U.N.: Afghan violence surges
KABUL, Afghanistan (AP) -- Violence in Afghanistan has surged this year with suicide bombings inflicting an especially high toll on civilians, a new United Nations report says.
The report said Afghanistan is averaging 550 violent incidents a month, up from an average of 425 last year. It said three-fourths of suicide bombings are targeting international and Afghan security forces, but suicide bombers also killed 143 civilians through August.
"Suicide attacks have been accompanied by attacks against students and schools, assassinations of officials, elders and mullahs, and the targeting of police in a deliberate and calculated effort to impede the establishment of legitimate government institutions," according to the report, which was released in New York last week.
Our news media rarely covers the war in Afghanistan anymore. Not during all of the talk about the “surge” nor in all of the talk about troop withdrawals has anyone ever mentioned that the Afghanistan war, which seemed like such a sure thing a couple years ago, is spiraling out of control.
Last week, however, we did hear news about Afghanistan, and from an unlikely place:
‘The Kite Runner’ Is Delayed to Protect Child Stars
LOS ANGELES, Oct. 3 — The studio distributing “The Kite Runner,” a tale of childhood betrayal, sexual predation and ethnic tension in Afghanistan, is delaying the film’s release to get its three schoolboy stars out of Kabul — perhaps permanently — in response to fears that they could be attacked for their enactment of a culturally inflammatory rape scene.
Executives at the distributor, Paramount Vantage, are contending with issues stemming from the rising lawlessness in Kabul in the year since the boys were cast.
The boys and their relatives are now accusing the filmmakers of mistreatment, and warnings have been relayed to the studio from Afghan and American officials and aid workers that the movie could aggravate simmering enmities between the politically dominant Pashtun and the long-oppressed Hazara.
I saw this story about “The Kite Runner” last week but didn’t blog about it because, frankly, I’ve grown far too cynical to see a story like this and not think there’s some kind of Hollywood PR campaign involved. Yes, even though I have stated many times that the Afghan war is being lost under our noses as we devote all our attention to the debacle known as George’s Iraq Folly, I didn’t entirely trust a report about a big Hollywood film release because, frankly, it’s about a big Hollywood film release and we all have learned about the bushels of bullshit that swirl around film launches.
Back in the summer our allies in the U.K. had this disturbing news about their Afghan operations:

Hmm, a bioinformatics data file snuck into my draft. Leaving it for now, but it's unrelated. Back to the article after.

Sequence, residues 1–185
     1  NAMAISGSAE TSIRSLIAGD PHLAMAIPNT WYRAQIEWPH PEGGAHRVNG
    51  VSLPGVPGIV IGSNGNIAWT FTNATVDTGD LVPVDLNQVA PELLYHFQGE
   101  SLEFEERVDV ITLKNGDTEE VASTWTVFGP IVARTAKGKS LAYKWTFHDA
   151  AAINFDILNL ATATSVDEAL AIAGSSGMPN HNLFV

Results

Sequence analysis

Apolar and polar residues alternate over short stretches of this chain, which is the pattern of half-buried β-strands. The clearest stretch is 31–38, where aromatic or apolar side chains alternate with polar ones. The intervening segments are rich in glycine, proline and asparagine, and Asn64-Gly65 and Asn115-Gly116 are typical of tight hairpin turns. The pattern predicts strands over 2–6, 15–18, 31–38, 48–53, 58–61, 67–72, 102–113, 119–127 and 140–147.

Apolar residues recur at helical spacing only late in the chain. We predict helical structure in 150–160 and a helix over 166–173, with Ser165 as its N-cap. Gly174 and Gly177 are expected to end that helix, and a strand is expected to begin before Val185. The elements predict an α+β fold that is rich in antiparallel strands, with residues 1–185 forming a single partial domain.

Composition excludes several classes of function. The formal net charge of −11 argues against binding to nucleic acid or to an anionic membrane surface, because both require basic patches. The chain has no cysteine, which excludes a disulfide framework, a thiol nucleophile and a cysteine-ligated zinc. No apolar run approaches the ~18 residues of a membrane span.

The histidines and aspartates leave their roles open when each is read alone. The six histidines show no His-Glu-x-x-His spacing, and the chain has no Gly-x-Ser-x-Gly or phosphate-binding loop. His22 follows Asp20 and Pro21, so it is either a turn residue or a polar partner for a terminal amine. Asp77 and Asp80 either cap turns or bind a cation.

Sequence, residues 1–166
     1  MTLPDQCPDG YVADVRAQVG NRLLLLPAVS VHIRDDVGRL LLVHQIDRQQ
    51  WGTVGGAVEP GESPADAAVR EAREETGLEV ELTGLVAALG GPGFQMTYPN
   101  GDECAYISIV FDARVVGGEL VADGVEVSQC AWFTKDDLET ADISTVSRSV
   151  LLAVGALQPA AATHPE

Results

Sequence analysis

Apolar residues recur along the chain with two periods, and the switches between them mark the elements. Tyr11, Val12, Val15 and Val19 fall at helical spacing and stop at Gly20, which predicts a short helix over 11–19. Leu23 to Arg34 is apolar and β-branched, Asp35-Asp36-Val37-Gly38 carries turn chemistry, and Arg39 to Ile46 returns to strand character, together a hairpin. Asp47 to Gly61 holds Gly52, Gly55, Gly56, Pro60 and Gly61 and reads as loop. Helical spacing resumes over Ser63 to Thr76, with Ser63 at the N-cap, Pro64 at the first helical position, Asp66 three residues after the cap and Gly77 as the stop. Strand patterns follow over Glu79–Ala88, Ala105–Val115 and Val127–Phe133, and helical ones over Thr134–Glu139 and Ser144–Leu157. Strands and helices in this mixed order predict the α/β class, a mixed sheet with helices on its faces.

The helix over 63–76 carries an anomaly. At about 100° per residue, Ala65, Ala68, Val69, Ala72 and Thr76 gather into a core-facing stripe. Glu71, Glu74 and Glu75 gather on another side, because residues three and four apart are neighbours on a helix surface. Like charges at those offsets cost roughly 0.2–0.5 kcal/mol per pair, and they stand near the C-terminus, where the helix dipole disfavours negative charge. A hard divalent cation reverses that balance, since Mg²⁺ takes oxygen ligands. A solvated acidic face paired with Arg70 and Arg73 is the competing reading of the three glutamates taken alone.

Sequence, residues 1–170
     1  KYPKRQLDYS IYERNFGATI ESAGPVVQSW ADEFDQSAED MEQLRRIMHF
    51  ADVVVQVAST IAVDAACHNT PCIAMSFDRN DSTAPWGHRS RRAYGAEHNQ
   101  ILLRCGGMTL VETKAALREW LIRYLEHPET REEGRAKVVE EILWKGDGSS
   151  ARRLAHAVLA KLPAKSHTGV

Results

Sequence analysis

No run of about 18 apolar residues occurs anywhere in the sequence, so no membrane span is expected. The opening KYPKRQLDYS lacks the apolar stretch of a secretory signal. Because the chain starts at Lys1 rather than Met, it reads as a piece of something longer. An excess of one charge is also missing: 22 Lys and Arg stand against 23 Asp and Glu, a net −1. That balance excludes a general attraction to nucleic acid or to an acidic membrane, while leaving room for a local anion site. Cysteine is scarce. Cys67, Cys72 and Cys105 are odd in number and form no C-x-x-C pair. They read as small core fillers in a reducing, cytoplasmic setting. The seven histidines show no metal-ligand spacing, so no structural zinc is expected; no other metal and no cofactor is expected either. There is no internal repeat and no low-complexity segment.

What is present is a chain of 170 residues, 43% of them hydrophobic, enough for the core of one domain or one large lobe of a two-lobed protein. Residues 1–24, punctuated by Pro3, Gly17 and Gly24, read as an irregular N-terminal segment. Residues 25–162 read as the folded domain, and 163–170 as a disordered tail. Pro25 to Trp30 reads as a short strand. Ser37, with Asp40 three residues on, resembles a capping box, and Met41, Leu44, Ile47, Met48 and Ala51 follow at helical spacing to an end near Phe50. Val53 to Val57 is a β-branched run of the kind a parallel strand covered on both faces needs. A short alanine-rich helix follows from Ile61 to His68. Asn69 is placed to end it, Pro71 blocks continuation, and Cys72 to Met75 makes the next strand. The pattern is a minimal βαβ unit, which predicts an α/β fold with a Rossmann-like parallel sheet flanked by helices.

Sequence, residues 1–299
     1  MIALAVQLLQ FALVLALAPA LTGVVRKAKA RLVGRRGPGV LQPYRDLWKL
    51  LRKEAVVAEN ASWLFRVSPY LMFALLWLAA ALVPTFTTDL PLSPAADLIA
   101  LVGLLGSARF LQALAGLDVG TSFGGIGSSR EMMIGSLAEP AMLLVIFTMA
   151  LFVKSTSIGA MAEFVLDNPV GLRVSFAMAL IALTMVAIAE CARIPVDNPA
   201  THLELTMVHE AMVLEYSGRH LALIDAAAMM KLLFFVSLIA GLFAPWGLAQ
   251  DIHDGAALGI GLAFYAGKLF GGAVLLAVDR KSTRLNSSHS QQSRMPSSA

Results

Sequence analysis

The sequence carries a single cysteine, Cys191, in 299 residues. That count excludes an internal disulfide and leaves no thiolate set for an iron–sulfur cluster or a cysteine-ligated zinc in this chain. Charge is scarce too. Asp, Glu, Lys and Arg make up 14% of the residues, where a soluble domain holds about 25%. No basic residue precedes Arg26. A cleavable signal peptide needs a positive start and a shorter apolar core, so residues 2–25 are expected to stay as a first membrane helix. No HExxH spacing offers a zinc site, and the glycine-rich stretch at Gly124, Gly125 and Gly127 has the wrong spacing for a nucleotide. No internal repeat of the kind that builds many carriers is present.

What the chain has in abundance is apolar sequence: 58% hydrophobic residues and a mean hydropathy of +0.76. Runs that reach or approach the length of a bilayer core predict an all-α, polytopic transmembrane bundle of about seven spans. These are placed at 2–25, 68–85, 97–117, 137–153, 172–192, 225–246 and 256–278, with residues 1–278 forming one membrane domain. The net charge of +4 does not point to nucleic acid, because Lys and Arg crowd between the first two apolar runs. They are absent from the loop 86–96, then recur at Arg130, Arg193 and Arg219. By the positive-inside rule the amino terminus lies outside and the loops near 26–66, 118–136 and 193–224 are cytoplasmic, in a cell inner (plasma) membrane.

British troops face decades in Afghanistan
British troops face a 30-year "marathon mission" against the Taliban in Afghanistan, the commander of UK troops in Helmand has warned.
Brigadier John Lorimer revealed the challenge facing personnel as he disclosed that the Taliban are beginning to change their tactics and have started to recruit fighters from foreign countries in increasing numbers.
[ ... ]
Speaking exclusively to The Sunday Telegraph, Brig Lorimer said: "This is a counter-insurgency operation which is going to take time. It could last a decade. The counter-narcotic problem, which is huge, could take another 25 years. The British ambassador has said it will take 30 years. He has often said that this mission is a marathon, not a sprint and he is absolutely right."
In all of our talk about the Great Glorious Surge®, Afghanistan is rarely mentioned. The Taliban, of course, is the regime responsible for the 9/11 terrorists, not Iraq. With all of this talk about troop withdrawal and which candidates support getting the troops out of Iraq sooner, I wonder why no one has asked about how things are going in Afghanistan. Are Americans ready to keep troops in Afghanistan for 30 years?
I’m not sure most Americans realize that our commitment to Afghanistan, which many of us consider a more worthwhile and justified engagement than the operation in Iraq, is as open-ended as the Iraq commitment appears to be. If we weren't otherwise engaged in Iraq, would we be able to subdue the Taliban in Afghanistan, uproot the lawlessness and bring democracy to that country like we're supposed to be doing in Iraq? Why is Iraq more important than Afghanistan? The Taliban is still training terrorists there, why do we let this go on? What deals have been made that we don't know about?
While we focus on Iraq, Afghanistan descends further into civil war and lawlessness. President Bush's ego demands success in Iraq, but what about Afghanistan? What about the regime that started it all?